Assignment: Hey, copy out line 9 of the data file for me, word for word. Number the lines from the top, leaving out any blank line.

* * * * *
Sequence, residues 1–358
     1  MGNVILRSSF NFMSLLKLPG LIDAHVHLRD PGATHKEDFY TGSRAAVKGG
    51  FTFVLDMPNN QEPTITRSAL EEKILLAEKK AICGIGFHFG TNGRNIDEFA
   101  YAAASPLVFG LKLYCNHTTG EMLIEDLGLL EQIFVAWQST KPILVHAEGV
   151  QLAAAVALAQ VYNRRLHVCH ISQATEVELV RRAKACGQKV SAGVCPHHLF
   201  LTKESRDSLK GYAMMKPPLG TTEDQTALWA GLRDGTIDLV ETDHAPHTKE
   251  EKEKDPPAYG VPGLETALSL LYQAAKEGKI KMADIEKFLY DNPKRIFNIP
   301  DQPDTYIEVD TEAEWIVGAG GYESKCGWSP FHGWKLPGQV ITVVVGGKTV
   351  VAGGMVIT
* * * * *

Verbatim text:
   351  VAGGMVIT